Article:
Corpus Christi, Maiden Lane – wonderful things happening!

I received a note from Fr. Robinson of the little church in Maiden Lane near Covent Garden in London, Corpus Christ.  Father has quite the restoration project going and it is worthy of notice by everyone.

I also remind the readership of the public witness of so many priests in England regarding Catholic doctrine and the dictates of reason.  HERE

Here is another image of work in progress on the little Lady Chapel at Corpus Christi, Maiden Lane.


Also, by email I learned that Fr. Robinson will soon be visiting the counterpart church in NYC, St. Malachy’s, also an “actors church”.  Let us not forget that actors have souls.  Given the difficulties of their environments, they too need the help of prayers, sacraments and sacramentals.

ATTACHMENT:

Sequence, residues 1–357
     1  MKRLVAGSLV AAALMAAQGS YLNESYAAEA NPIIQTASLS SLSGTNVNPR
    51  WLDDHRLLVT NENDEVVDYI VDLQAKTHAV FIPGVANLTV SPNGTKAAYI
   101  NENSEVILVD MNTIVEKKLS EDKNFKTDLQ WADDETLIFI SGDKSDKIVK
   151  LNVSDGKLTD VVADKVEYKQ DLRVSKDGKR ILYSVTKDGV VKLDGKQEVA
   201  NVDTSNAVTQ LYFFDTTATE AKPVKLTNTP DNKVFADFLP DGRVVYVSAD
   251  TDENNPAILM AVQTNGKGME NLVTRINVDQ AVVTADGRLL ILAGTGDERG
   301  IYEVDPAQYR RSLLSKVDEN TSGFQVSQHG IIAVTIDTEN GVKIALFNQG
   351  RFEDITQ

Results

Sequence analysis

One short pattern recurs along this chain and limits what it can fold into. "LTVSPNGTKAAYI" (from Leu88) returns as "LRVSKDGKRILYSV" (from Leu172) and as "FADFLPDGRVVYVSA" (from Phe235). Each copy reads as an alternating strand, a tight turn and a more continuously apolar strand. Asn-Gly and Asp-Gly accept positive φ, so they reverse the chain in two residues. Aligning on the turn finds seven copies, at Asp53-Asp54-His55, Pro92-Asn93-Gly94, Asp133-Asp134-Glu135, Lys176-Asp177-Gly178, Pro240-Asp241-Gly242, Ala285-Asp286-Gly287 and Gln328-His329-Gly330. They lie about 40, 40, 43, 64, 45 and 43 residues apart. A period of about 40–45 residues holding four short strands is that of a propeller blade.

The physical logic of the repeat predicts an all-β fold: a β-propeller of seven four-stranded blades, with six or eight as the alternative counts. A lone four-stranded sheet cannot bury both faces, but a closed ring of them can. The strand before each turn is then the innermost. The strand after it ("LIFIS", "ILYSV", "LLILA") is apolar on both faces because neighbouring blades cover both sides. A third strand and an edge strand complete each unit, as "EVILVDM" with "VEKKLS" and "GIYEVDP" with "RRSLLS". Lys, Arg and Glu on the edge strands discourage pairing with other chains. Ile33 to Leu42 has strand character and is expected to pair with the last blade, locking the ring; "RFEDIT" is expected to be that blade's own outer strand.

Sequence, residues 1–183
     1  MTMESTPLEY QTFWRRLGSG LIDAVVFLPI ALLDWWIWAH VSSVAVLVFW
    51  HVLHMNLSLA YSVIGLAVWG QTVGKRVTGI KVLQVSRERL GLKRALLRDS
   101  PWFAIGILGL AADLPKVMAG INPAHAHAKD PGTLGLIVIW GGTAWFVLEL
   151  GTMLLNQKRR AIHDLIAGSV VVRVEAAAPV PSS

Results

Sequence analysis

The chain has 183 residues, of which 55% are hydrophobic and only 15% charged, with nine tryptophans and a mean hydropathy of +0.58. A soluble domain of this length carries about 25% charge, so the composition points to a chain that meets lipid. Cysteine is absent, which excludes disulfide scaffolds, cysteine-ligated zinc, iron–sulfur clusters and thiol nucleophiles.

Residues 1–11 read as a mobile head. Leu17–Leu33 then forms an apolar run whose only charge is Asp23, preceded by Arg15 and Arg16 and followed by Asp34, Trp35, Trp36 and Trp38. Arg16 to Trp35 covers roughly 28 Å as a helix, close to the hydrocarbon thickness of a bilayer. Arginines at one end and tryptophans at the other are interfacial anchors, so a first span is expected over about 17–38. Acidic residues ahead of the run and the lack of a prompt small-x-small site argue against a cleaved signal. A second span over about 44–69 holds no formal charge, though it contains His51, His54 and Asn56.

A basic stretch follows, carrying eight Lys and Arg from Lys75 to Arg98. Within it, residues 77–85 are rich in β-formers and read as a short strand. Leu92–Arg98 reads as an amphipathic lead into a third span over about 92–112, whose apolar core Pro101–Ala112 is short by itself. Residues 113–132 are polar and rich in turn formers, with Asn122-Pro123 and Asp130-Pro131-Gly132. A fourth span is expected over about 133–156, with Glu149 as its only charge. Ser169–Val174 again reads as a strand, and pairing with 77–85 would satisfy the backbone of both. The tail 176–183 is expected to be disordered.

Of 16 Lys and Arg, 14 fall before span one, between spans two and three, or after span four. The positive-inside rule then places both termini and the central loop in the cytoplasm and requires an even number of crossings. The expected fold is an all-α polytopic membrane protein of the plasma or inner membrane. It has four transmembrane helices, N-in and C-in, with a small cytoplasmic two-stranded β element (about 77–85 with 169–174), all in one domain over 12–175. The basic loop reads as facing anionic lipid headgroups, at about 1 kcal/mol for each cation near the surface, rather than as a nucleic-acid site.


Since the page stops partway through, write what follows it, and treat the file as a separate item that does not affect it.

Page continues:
___ UPDATED May 11, 2015
I was recently reminded of the great work Fr. Robinson is doing at Corpus Christi in London, Maiden Lane near Covent Garden.  He has a great restoration project going that could use some global support!

You should know that this is one of the locations where the TLM was preserved even during some of the earliest and more difficult times.

____ Originally Published on: Jan 14, 2015 @ 16:51

I recently visited the beautiful little Church near Covent Garden, Corpus Christi. HERE It is, among other things, the local “actors church”. However, it was originally intended by Cardinal Manning to be a site for special veneration of the Blessed Sacrament in the heart of London. This is a city that needs it!

If you haven’t been in Corpus Christi for awhile, you are in for a treat the next time.